3. Modular organization
      You should choose modules, at the design stage, that incorporate the data structures and methods required for the solution (criteria B1 and B2) in a logical way. The data structures must fully support the objectives of the solution (criterion A2). You must present this organization in a structured way that clearly shows connections between modules (hierarchical decomposition or class dependencies). The connections between modules, algorithms and data structures must also be presented.
      This section would typically be three to five pages in length. A variety of presentations are possible here. Some possibilities are:
      • a top-down hierarchical decomposition chart containing the names of modules, showing connections between modules and showing details of which data structures and methods are connected with (or part of) which modules;
      • a text outline showing hierarchical decomposition (equivalent to above)
      • a hard copy of CRC cards showing dependencies between collaborating classes, with details of which data structures and methods are connected with (or part of) which classes.

      The design is assessed independently from the programming stage (stage C). The design should be complete, logical and usable, but you may deviate from it or expand it during stage (c), without penalty.
  3. The program
    1. Using good programming style
      Program listings must contain all the code written by you and, if a program listing displays code that was automatically generated by the development system or copied from another source, then this code must be clearly identified and distinguishable from that code written by you. Only the code designed and written by you can be taken into account.
      Good programming style can be demonstrated by program listings that are easily readable, even by a programmer who has never used the program. These would include small and clearly structured Java methods, sufficient and appropriate comments, meaningful identifier names and a consistent indentation scheme.
      A typical program should be approximately 1,000–3,000 (HL) or 500–2,000 (SL) lines of code in length. Comments should be included to describe the purpose and parameters of each method, and also when code is difficult to understand. The program should demonstrate the use of good programming techniques. It should include:
      • an identification header indicating the program name;
      • author, date, schoo;
      • computer used, IDE used, purpose.

      The program should possess good internal documentation, including:
      • constant, type and variable declarations that should have explanatory comments;
      • identifiers with meaningful names;
      • objects that are clearly separated and have comments for their parameters;
      • suitable indentation that illustrates various programming constructs.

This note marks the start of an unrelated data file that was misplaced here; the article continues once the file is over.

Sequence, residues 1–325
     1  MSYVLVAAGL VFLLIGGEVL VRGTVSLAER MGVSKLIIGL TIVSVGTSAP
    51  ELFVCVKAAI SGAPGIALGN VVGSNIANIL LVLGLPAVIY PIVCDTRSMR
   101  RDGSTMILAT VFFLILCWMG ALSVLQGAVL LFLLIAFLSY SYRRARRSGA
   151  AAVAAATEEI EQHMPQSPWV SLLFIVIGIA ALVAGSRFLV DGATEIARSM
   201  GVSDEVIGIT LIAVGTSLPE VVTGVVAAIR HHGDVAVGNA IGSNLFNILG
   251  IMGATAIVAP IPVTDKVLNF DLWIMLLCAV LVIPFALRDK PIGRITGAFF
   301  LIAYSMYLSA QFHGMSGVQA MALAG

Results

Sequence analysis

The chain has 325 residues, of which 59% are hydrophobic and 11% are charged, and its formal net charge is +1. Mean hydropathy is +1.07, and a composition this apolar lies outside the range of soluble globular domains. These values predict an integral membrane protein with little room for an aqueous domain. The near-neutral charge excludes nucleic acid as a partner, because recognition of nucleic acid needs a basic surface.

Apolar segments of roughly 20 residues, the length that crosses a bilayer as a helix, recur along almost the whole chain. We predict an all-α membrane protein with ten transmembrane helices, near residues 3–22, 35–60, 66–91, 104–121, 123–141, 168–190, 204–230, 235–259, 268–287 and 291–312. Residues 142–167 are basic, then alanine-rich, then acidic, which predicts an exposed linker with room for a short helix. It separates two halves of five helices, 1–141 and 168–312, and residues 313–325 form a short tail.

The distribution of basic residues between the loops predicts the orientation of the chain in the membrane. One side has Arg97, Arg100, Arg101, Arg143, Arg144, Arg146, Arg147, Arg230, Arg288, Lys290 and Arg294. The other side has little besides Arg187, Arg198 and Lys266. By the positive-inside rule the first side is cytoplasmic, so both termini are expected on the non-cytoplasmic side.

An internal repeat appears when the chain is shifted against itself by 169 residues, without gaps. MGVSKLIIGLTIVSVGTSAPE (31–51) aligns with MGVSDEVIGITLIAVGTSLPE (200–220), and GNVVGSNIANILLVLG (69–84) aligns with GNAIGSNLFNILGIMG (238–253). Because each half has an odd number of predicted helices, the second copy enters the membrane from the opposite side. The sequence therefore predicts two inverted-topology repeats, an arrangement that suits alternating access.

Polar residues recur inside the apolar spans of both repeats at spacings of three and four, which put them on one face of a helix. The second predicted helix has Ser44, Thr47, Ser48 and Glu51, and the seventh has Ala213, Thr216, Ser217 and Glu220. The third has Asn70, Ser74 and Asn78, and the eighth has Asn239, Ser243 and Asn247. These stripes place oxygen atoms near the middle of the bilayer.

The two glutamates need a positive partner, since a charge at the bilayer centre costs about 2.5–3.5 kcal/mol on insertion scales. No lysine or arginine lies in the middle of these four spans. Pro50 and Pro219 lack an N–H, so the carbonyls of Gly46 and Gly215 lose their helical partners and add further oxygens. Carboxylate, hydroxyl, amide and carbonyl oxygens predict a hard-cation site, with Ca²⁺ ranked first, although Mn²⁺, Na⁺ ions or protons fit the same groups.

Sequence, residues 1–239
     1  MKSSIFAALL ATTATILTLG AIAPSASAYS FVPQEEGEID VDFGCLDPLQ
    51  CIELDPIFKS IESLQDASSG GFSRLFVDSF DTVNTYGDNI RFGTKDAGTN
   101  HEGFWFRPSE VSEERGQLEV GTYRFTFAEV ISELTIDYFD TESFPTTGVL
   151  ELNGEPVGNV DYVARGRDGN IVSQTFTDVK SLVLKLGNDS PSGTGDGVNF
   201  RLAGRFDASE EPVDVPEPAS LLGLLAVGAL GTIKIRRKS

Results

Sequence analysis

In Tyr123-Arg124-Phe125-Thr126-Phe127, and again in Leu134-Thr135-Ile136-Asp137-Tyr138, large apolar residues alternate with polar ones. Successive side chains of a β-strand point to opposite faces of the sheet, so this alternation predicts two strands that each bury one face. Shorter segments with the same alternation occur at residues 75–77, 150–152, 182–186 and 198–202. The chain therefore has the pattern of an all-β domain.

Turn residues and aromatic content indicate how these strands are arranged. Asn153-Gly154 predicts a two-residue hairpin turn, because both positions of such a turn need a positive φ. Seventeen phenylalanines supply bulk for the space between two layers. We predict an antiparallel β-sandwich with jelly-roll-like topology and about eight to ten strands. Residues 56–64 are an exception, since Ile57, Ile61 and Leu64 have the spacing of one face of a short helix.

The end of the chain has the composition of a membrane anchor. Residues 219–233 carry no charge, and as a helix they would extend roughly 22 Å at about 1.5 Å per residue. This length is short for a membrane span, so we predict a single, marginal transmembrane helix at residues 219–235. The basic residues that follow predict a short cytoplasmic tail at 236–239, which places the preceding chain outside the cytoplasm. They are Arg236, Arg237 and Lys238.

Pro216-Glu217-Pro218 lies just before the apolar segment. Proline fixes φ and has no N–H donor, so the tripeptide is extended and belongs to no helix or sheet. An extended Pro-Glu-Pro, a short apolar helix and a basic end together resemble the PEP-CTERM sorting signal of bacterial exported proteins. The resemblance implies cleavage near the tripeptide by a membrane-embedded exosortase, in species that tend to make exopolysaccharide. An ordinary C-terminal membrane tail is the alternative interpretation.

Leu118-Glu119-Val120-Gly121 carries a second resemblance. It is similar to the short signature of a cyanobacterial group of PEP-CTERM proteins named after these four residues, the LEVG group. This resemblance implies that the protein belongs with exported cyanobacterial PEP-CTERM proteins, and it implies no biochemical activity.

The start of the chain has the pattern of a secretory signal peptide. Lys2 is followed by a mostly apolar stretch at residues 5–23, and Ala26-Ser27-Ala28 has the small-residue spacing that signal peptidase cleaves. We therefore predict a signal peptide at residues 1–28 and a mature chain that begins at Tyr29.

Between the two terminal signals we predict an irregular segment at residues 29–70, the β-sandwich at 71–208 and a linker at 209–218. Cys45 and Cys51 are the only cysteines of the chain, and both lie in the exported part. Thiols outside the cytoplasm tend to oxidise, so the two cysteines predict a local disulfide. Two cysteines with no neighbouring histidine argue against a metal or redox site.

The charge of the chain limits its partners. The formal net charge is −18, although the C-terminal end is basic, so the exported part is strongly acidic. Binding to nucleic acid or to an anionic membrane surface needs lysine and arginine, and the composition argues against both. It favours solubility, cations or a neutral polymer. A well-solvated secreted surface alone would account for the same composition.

Generally, you will get achievement level 2 where two of these have been demonstrated, then achievement level 3 for three.
    2. Handling errors
      This refers to detecting and rejecting erroneous data input from the user, and preventing common run- time errors caused by calculations and data-file errors. You are not expected to detect or correct intermittent or fatal hardware errors such as paper-out signals from the printer or damaged disk drives, or to prevent data-loss during a power outage.
      This section would typically be one to two pages in length. For this criterion, you must attempt to trap as many errors as possible. The documentation in the dossier can take a variety of forms. For example, you could highlight relevant comments within the program listing or they could produce a table with two columns, one you identifies any error possibilities, and one that shows the steps you took to trap the errors. It is not expected that you produce extra output for this section.
    3. Success of the program
      Evidence here will be from the hard copy output for criterion D1. We will run the program together to confirm that the program functions, and that it produces the hard copy output you have submitted with the program dossier.
  4. Documentation
    1. Including an annotated hard copy of the test output
      Your hard copy of test output should demonstrate that the program fulfills the criteria for success in criterion A2. The output must be annotated (this may be done by hand).

      Hard copy output from one or more sample runs should be included to show that the different branches of the program have been tested; testing one set of valid data will not be sufficient. The hard copy submitted should demonstrate the program’s responses to inappropriate or erroneous data, as well as to valid data. Thus the usefulness of the error-handling routines mentioned above should become evident. While at least one complete test run must be included in the dossier, it is not necessary that the hard copy reflect every key stroke of every test run. Cutting and pasting of additional test runs should be done to illustrate the testing of different aspects of the program.
      All test runs should be annotated in such a way that you are stating what aspect of the program is being tested. Sample output must never be altered by hand, erased or covered up. Sample output can be captured and combined electronically with explanatory annotations into a single document. However, it is forbidden to alter or reformat sample output in any fashion (except to add page numbers or annotate in order to highlight user friendliness or error-handling facilities, especially if these alterations would give an unrealistic impression of the performance of the program. Examples of such “abuse” include: lining up text that was not originally aligned; adding colour or other special effects; changing incorrect numerical output; erasing evidence of errors.